Arfa and her sisters: A return to grandma’s stories and Shahrazad’s magic
In a narrow alley in the lower middle class district of Abdeen, between grocery shops and local cafes, a big iron door opens up to a dark, spacious room holding the tanboura, (ancient musical instrument) in the background. Al-Tanboura hall reads the sign.
As the door closes behind you, separating you from the busy world outside, one delves easily into the enchanting world of story-telling.
The last Saturday of every month is dedicated to folk literature, performed by the El Warsha troupe. Arfa Abdel Rasoul, one of the icons of story-telling and acting in Alexandria, has been affiliated to the Al-Thaqafa al-Gamahireya (mass culture), an initiative implemented by the General Authority for Cultural Palaces (GACP) for the past 30 years.
The Al-Tanboura hall opened its door a few months ago and is the brainchild of Zakria Ibrahim, the founding member of the Al-Tanboura troupe and incorporates folk songs from Suez, Port Said and Ismailia, derived from the ancient instrument. The art centre showcases the various skills of al semsemya (a smaller version of the tanboura), as well as rango, (Sudanese folk songs) every weekend.
Abdel Rasoul joined the Al-Warsha troupe in 2005 and is famous for her stories that draw upon personal experiences, interweaved with the social history of Egypt during the fifties and sixties, in the popular districts of Alexandria.
She began with tales recited from folk literature and real life and started with a poem by Palestinian poetry icon, Mahmud Darwish, Ana Imraaa, (I am a woman), where she drifts slightly away from the story-telling mode and leans towards the theatrical and dramatic, while reflecting the essence of a woman, especially as the poem is in classical Arabic.
She drifts back again to recite a chapter of the Siyra al helalya, (Bani Helal epic), a masterpiece of Arabic folk literature. She begins by praising the Prophet Mohammed, then tells the tale of Khadra, one of the leading figures of the epic, in the famous berka (lake) scene, where she went with other women to wish upon colourful birds that God would grant her a child. Here Abdel Rasoul depended upon her performance away from the rababa and the chants that usually accompany it, which created some difficulty for the story-teller, due to the numerous characters involved.
Abdel Rasoul swiftly moved from the southern folk literature to the delta, where she recited a story from Hekayat el daqahlya, (stories of Al-Daqahlia) a compilation of Egyptian folk stories, compiled by Fattouh Ahmed. These stories resemble the Alf Leila w Leila (Arabian Nights) tales.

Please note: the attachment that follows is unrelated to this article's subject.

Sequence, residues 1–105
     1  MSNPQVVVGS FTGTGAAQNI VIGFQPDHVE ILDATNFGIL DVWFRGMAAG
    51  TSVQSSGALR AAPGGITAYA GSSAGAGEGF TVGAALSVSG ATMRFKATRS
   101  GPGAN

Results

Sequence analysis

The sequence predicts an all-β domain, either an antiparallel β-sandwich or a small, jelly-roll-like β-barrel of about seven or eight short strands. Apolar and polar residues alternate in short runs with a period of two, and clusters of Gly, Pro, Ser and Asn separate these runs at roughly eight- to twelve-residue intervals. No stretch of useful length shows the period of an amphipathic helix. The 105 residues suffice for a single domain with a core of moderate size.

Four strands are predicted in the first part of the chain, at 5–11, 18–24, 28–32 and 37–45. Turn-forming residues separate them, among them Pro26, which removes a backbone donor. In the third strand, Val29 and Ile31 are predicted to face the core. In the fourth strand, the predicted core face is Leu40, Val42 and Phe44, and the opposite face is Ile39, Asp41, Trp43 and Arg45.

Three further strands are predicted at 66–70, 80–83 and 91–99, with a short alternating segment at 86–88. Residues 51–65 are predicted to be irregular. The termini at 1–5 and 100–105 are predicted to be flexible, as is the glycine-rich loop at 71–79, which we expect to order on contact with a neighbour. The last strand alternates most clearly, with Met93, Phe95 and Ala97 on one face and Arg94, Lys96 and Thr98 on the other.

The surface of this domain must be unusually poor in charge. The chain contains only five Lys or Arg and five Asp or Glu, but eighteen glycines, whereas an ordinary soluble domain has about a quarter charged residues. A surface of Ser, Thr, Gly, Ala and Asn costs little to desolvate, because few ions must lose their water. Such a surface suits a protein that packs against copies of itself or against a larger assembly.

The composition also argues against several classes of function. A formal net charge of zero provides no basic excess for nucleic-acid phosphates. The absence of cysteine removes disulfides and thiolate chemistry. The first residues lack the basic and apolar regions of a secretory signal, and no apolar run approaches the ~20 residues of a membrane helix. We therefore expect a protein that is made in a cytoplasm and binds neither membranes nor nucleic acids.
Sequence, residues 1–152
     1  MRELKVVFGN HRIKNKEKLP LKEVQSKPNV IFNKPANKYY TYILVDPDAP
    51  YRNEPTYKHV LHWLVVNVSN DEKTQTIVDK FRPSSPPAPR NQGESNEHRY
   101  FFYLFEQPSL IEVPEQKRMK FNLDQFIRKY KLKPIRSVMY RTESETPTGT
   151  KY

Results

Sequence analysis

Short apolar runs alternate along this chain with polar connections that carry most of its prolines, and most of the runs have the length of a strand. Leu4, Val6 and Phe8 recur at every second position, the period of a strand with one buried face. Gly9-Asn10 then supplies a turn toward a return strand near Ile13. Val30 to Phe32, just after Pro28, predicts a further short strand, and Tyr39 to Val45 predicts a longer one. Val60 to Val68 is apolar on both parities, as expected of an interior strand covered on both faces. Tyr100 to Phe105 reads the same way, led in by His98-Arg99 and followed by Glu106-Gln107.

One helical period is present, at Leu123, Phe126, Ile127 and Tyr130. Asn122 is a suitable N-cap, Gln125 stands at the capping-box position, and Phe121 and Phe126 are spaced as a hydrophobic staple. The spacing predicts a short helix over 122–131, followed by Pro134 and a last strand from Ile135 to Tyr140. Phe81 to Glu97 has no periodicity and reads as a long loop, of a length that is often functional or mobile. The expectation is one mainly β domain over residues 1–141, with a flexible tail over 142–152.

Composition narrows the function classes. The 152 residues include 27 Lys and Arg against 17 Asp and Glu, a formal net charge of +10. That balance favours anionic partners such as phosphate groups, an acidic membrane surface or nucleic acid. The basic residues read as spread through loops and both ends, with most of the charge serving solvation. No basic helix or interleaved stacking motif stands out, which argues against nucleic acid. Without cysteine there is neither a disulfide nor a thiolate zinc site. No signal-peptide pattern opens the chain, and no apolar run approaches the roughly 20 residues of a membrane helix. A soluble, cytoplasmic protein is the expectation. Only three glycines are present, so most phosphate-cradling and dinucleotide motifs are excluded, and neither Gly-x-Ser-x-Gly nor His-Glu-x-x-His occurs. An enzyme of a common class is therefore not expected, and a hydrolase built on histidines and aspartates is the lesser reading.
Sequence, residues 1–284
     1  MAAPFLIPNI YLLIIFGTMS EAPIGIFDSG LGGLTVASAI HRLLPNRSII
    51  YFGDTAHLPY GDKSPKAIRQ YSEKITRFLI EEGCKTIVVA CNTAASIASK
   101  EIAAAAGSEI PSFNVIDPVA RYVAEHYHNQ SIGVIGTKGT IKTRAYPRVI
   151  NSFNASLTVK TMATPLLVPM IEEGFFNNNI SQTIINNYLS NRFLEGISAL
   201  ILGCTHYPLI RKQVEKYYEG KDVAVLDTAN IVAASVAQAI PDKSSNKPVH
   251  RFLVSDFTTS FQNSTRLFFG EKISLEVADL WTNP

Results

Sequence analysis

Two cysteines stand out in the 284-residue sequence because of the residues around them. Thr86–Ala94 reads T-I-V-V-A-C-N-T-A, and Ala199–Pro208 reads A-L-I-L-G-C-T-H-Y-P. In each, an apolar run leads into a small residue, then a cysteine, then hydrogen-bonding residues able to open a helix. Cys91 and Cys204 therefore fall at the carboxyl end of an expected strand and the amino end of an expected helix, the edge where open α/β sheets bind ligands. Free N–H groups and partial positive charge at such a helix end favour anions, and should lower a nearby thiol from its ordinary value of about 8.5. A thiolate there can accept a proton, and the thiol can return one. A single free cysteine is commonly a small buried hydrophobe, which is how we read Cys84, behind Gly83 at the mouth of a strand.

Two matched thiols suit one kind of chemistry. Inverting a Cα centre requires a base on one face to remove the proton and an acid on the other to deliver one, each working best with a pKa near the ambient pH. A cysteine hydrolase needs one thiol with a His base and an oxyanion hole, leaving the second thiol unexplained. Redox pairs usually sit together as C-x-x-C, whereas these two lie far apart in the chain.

Mabrouka is indeed another interesting tale, formed from the heart of the western desert, Siwa Oasis. Mabrouka is a real woman who still lives in Siwa and her tale revolves around superstition and jinn possession.
On another level, Kalbaz zad (Chubby) is indeed a contemporary story based on real events, written by Amal Omar. Moving between sarcasm, contemporary colloquial and the rhyming and terminology of Alf Leila w Leila, the story is concerned with how society perceives us and how we perceive ourselves.
Here Abdel Rasoul excels in conveying the dilemma with humour in the story of Amal, who was ridiculed by society for not being the right size. Once she was too thin and was not socially accepted, however when she gained weight, she became a social outcast. She speaks of the long journey of dieting, until she decides that she will listen only to herself.
Last but not least, was Damir Seberto (Alcohol Conscious) reflecting how the local community can be accepting, forgiving and open to a woman with a disgraceful past.
This story is part of Abdel Rasoul’s collective stories entitled Hekayat Bent El Baal (stories of the grocer’s daughter) in which she paints a vivid picture of the Alexandria suburbs where she grew up, through the innocent, wondrous eyes of a child. She has told these stories several times in Alexandria in plays directed by her husband Mustafa Darwish.
Story-telling opens up an enchanting world where we see the imagination of the story-teller. Through Abdel Rasoul’s performance, tone of voice, strong presence, and unlimited self expressions, the audience was enchanted and truly overwhelmed with stories which recalled their grandmother’s bedtime stories.
More storytelling performances by Al-Warsha troupe will be held at Al-Tanboura hall, on the last Saturday in January 2011 at 8 pm.